previous next

Enter PHANOSTRATA, from her house.

PHANOSTRATA
to herself . I seemed just now to be hearing the voice of my servant Lampadiscus before the house.

LAMPADISCUS
stepping forward . You are not deaf, mistress, you heard aright.

PHANOSTRATA
What are you doing here?

LAMPADISCUS
A thing for you to rejoice at.

PHANOSTRATA
What's that?

LAMPADISCUS
pointing to the house of SILENIUM . A little while ago, I saw a woman coming out of that house there.

PHANOSTRATA
Her that took up my daughter?

LAMPADISCUS
You have the matter rgiht.

PHANOSTRATA
What after that?

LAMPADISCUS
I told her in what way I had seen her take up the daughter of my mistress from the Hippodrome. Then she was in a fright.

MELAENIS
apart . Now my body's in a shudder, my heart is throbbing; for I recollect that from the Hippodrome the little female infant was brought to me, and that I brought it up as my own.

PHANOSTRATA
Come, prithee, do go on; my soul's longing to hear how the matter proceeded.

MELAENIS
apart . I only wish you couldn't hear.

LAMPADISCUS
I proceed * * * saying1, "This old woman calls you her daughter wrongfully. * * * * * * * * For this woman here is your foster-mother, so don't think she is your mother. I'm to take you back and invite you to opulence, where you may be settled in a noble family, where your father may present you with twenty great talents for a portion. For this is not a place where after the Etrurian mode2 you are disgracefully to earn a dowry for yourself by prostitution of your person."

PHANOSTRATA
Is she, pray, a Courtesan, who took it up?

LAMPADISCUS
Yes, she was a Courtesan. But how it happened, I'll tell you about that matter. I was now winning her over to me by my persuasion. The old woman embraced her knees, weeping and entreating that she would not forsake her; saying that she was her own daughter; and she took a solemn oath to me that she herself had borne her. " Her," said she, "whom you are in search of, I gave to a friend of mine to bring her up as her own daughter; and she is alive," said she. "Where is she?" immediately said I.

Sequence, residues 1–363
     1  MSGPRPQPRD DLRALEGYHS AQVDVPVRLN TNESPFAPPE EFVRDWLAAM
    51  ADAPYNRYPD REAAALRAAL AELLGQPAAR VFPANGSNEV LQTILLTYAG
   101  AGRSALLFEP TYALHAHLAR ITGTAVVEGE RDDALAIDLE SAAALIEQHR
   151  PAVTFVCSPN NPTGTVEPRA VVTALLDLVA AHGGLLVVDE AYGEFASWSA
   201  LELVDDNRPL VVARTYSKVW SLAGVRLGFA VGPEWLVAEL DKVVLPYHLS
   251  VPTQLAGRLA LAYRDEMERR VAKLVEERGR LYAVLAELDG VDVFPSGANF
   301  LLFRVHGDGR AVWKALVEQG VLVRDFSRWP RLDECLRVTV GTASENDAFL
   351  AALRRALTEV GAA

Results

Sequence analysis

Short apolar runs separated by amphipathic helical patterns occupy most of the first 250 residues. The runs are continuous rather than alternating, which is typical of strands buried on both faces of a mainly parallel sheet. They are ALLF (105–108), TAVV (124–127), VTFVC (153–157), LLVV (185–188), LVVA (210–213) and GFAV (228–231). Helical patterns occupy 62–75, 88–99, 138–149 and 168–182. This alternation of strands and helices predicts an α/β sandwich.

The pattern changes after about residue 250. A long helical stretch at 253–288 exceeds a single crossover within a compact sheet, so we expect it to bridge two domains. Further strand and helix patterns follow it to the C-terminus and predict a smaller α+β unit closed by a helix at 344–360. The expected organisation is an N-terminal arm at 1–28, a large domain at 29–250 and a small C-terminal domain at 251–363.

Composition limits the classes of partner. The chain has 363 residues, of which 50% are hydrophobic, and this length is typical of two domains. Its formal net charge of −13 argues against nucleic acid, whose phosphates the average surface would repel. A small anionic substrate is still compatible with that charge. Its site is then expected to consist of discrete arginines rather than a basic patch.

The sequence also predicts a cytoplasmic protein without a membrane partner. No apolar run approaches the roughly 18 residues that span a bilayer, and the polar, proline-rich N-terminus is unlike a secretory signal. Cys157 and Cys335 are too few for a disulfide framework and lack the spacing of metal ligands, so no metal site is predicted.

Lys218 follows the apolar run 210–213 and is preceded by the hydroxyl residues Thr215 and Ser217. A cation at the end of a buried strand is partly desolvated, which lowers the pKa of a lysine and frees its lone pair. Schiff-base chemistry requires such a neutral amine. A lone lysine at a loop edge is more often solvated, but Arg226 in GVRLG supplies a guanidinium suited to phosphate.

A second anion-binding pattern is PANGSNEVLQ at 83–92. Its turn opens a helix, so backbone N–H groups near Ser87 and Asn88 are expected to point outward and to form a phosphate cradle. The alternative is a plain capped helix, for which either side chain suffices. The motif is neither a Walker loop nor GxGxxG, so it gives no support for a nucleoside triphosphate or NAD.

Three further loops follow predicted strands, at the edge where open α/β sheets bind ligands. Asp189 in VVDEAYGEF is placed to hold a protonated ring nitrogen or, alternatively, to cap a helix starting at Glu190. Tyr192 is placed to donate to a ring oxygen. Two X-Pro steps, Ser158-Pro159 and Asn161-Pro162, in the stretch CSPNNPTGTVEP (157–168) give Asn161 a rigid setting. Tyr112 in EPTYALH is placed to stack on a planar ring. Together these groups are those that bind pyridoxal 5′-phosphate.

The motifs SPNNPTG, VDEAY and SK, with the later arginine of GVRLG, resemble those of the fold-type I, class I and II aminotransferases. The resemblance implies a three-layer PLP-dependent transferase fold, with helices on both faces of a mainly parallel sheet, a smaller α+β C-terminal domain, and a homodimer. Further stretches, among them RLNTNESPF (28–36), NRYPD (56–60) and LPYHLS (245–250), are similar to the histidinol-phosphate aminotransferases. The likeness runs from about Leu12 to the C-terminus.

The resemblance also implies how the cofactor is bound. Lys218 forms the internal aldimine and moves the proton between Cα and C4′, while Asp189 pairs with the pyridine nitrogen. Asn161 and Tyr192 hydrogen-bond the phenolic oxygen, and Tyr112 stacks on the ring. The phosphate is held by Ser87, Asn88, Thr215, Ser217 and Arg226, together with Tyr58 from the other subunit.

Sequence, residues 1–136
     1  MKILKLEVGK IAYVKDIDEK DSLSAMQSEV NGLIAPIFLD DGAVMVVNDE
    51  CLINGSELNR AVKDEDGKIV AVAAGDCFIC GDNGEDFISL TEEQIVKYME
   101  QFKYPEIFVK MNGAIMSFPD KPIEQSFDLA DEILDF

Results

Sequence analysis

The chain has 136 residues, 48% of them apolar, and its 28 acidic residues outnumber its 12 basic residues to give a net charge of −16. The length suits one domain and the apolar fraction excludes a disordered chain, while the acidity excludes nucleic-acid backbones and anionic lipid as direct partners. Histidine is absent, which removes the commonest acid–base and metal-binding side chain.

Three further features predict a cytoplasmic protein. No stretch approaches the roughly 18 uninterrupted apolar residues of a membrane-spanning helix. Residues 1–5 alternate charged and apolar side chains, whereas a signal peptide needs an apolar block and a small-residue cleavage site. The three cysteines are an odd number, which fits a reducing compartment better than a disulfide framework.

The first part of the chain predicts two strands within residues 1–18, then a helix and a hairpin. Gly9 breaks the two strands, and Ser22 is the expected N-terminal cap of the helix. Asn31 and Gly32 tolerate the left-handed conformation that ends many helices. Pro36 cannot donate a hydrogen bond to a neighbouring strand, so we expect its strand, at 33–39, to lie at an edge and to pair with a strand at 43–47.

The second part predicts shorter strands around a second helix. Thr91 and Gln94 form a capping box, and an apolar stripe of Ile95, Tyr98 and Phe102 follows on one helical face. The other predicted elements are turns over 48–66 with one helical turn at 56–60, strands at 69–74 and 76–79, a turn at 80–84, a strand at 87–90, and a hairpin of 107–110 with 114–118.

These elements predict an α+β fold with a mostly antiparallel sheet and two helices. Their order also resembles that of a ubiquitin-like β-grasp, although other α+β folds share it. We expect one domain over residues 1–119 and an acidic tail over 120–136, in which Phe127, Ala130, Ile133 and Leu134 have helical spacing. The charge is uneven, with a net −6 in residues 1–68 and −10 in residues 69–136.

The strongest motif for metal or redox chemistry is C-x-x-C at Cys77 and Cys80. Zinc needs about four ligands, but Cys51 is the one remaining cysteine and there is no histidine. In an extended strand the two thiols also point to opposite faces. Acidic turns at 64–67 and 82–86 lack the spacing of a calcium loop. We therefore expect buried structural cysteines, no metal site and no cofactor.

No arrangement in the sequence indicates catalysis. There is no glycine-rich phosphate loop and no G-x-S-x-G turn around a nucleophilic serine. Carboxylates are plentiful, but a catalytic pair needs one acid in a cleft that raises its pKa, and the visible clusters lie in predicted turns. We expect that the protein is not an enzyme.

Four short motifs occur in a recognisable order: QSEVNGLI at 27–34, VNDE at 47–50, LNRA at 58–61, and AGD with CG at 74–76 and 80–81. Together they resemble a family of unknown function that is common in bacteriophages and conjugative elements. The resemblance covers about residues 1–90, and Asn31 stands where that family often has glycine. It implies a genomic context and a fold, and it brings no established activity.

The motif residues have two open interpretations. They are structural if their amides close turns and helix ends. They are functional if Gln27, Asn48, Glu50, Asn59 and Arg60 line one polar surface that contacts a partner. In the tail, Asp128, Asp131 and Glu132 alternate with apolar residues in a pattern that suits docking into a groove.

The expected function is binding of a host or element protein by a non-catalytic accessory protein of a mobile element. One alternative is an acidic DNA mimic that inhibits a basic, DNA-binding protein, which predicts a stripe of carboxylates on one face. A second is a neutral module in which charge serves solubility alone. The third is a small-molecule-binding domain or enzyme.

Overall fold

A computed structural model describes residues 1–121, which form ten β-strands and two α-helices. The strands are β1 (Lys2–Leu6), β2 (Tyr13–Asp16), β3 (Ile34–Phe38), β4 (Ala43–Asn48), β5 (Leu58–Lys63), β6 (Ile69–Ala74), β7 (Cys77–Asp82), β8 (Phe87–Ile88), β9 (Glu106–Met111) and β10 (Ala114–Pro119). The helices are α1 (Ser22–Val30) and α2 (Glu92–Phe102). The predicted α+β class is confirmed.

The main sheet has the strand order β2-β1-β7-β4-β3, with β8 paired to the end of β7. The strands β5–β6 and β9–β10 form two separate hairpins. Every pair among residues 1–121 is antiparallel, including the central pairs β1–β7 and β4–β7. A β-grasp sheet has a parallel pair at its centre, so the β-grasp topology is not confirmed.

PHANOSTRATA
Preserve me, ye Gods, I do entreat you.

MELAENIS
apart . But me you are undoing!

PHANOSTRATA
You ought to have enquired to whom she gave it.

LAMPADISCUS
I did enquire, and she said to the Courtesan Melænis.

MELAENIS
apart . He has mentioned my name? I'm utterly undone!

LAMPADISCUS
When she mentioned her, I straightway asked, "Where does she live?" said I; "take and show me." "She has been carried off hence," says she, "to live abroad."

MELAENIS
He's sprinkling3 a little cold water now.

LAMPADISCUS
"Wherever she has been carried off, thither we will follow. Do you trifle in this fashion? You are undone, if, i' faith, you don't disclose this."I insisted to such a degree, that the old woman swore that she would soon inform me.

PHANOSTRATA
But you oughtn't to have let her go.

LAMPADISCUS
She's all safe; but she said that she wished first to meet a certain woman, a friend of hers, with whom this was a matter of interest in common, and I'm sure she'll come.

MELAENIS
apart . She'll be discovering me, and adding her own distress to mine.

PHANOSTRATA
Make me acquainted what you now wish me to do.

LAMPADISCUS
Go in-doors, and be of good heart. If your husband shall come, bid him wait at home, lest he should be required by me, if I want him for anything. I'm going to run back to the old woman.

PHANOSTRATA
Lampadio, prithee, do take care.

LAMPADISCUS
I'll have this matter well managed.

PHANOSTRATA
I trust in the Gods and in yourself.

LAMPADISCUS
And I in the same.--that you'll now go home. PHANOSTRATA goes into her house.

MELAENIS
coming forward . Young man, stay and listen.

LAMPADISCUS
What, are you calling to me, woman?

MELAENIS
To you.

LAMPADISCUS
What's the matter? For I'm fully engaged.

MELAENIS
Pointing to the house of DEMIPHO . Who lives there?